U.S. grains: Soybeans set back on profit taking

(Keith Weller photo courtesy ARS/USDA)

Chicago | Reuters — U.S. soybean futures dropped 1.1 per cent on Wednesday as investors locked in profits a day after the market’s rally to a four-week high, traders said.

Wheat futures also fell, pressured by weak overseas demand for U.S. supplies. But corn closed slightly higher, with a surprise export sale triggering a mild round of short-covering after weakening during the overnight session.

Soybeans notched the biggest decline, and traders warned that the ample global supply base will likely cause a quick turnaround from any gains in the coming months.

“As long as the U.S. dollar remains strong, a solid, fundamental, sustainable rally will be elusive until a crop disaster hits,” brokerage INTL FCStone said in a note to clients.

The benchmark Chicago Board of Trade March soybean futures contract settled down 9-1/2 cents at $8.74 a bushel (all figures US$).

Another sell-off in crude oil prices added to the bearish tone hanging over the soy complex.

CBOT March wheat was down three cents at $4.71 a bushel.

“Market focus is returning today to fundamental factors: that a massive soybean harvest is expected in Brazil,” said Frank Rijkers, agrifood economist at ABN AMRO Bank. “The wheat market also faces massive supplies, and there will be strong competition to the United States in export markets from Europe, the Black Sea region and now Argentina.”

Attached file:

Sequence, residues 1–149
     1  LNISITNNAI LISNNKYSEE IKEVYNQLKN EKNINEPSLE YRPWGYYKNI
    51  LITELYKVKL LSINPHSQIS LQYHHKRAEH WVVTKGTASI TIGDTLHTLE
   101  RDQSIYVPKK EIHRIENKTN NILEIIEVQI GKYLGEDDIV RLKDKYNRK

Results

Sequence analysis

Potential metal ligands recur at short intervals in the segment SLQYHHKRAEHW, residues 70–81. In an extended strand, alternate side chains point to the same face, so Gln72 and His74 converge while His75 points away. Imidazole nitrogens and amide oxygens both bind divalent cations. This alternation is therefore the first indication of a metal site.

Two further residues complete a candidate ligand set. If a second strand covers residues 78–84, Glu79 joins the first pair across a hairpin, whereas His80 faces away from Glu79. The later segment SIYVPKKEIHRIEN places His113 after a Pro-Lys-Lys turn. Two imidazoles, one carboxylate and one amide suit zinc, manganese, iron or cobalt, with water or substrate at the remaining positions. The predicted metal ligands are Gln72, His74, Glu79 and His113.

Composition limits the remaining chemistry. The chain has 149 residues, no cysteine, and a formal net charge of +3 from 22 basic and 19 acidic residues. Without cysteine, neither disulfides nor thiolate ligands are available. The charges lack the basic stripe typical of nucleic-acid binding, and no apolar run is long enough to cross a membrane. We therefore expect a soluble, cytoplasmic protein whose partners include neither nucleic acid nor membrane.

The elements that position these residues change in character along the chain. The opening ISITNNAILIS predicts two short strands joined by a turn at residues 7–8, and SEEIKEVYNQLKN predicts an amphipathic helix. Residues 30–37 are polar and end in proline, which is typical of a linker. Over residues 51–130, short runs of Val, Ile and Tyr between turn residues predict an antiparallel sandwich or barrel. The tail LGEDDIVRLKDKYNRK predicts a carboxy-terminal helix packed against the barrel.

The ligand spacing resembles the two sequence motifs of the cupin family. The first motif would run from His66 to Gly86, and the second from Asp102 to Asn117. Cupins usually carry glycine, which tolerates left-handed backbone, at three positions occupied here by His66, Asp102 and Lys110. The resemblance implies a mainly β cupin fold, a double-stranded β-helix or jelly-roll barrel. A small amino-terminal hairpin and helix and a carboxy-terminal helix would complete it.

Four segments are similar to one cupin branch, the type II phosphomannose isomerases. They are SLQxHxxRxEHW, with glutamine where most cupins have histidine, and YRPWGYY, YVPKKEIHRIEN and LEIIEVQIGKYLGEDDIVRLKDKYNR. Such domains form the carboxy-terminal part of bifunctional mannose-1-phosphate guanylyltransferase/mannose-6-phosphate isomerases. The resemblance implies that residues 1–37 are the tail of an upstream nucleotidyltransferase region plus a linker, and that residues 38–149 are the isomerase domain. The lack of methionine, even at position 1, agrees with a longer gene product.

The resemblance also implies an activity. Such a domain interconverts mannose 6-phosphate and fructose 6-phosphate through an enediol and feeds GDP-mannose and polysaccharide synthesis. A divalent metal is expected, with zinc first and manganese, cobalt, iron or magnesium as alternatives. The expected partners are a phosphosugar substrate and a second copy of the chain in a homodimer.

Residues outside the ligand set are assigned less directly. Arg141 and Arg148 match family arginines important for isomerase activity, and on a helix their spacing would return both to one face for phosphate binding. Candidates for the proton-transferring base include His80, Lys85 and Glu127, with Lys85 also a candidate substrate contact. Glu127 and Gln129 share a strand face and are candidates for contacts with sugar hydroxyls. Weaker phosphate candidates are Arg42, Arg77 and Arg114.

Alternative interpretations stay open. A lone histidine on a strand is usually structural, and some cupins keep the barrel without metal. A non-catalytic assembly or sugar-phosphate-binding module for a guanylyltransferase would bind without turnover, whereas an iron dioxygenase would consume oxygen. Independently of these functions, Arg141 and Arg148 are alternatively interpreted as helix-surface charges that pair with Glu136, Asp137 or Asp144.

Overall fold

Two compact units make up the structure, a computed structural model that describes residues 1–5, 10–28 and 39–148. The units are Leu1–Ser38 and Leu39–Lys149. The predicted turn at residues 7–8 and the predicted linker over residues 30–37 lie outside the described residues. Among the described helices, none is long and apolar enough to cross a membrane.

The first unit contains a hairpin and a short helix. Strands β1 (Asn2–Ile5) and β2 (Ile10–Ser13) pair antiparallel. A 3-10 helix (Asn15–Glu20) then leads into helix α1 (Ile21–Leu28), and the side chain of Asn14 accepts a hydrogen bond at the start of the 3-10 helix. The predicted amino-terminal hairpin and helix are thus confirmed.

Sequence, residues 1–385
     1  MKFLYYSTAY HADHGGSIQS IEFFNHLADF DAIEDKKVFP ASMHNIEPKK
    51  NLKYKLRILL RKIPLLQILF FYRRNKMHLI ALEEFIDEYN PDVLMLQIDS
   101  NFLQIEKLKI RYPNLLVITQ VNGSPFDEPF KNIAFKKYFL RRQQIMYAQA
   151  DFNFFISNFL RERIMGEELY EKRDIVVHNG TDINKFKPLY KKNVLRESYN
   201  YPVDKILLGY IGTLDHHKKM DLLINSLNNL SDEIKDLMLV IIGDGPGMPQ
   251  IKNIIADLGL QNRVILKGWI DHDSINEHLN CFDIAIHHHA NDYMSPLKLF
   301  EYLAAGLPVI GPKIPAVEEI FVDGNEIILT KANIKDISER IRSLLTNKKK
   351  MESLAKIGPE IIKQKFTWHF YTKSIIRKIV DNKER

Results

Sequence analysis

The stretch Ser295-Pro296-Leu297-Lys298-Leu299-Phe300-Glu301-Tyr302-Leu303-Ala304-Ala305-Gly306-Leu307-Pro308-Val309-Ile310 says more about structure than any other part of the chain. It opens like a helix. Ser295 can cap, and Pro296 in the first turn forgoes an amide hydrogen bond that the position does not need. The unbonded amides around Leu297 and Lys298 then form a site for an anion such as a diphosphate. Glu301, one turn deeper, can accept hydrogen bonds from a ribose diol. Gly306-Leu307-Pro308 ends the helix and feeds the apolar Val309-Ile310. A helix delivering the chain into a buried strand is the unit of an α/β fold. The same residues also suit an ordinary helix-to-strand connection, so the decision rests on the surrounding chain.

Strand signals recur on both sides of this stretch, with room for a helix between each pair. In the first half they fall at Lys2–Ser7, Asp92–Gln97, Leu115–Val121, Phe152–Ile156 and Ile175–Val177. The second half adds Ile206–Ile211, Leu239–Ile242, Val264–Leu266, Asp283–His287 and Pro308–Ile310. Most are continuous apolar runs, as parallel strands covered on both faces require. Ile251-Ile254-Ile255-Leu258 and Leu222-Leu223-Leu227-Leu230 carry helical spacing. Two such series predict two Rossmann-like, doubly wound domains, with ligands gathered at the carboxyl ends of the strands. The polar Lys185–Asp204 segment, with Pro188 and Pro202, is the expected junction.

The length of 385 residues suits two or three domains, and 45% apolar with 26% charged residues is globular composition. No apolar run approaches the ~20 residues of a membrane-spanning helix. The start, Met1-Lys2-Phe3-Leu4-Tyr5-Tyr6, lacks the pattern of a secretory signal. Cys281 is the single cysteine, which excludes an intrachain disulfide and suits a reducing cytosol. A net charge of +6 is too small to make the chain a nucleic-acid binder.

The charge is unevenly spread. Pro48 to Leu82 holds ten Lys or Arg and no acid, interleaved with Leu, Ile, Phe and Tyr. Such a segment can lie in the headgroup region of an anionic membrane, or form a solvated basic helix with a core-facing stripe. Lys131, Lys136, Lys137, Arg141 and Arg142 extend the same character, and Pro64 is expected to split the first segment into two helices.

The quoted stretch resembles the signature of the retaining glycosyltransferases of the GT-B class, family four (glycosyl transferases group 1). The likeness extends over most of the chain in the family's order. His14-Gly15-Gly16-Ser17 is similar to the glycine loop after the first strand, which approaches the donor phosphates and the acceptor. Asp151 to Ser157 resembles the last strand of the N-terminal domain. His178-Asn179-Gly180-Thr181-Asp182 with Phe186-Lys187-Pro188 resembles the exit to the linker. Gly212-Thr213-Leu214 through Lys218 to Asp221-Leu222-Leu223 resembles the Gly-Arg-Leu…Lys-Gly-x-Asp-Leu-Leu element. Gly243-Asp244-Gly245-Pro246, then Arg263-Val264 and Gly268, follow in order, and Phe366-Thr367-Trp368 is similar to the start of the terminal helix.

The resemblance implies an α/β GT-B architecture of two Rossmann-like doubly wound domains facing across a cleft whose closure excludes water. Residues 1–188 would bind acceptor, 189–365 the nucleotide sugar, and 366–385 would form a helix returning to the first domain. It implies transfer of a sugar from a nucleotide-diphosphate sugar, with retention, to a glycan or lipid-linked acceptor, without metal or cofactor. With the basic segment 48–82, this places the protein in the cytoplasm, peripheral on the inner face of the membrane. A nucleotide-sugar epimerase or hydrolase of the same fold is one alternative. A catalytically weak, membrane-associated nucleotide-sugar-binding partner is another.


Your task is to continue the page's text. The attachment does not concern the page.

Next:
Analysts at Brazil’s Agroconsult cut their forecast for the country’s 2015-16 soybean crop to 99.2 million tonnes on Tuesday from 100.6 million tonnes in October. But a record Brazilian crop surpassing last year’s 96 million tonnes is still expected.

CBOT March corn gained one cent at $3.68-3/4 a bushel. But corn hit resistance at Tuesday’s peak of $3.69-1/2 a bushel, which was the highest for the contract since Dec. 22.

“Corn did a good job of holding on to yesterday’s rally in the face of crashing commodity prices all around us today, mainly due to chart short covering,” Charlie Sernatinger, global head of grain futures at ED+F Man Capital, said in a client note.

The U.S. Agriculture Department said on Thursday morning that private exporters reported the sale of 243,100 tonnes of corn to Mexico for delivery during the 2015-16 marketing year, the third flash sale of the yellow grain in the past week.

Mark Weinraub is a Reuters correspondent covering grain markets from Chicago. Additional reporting for Reuters by Michael Hogan in Hamburg and Naveen Thukral in Singapore.

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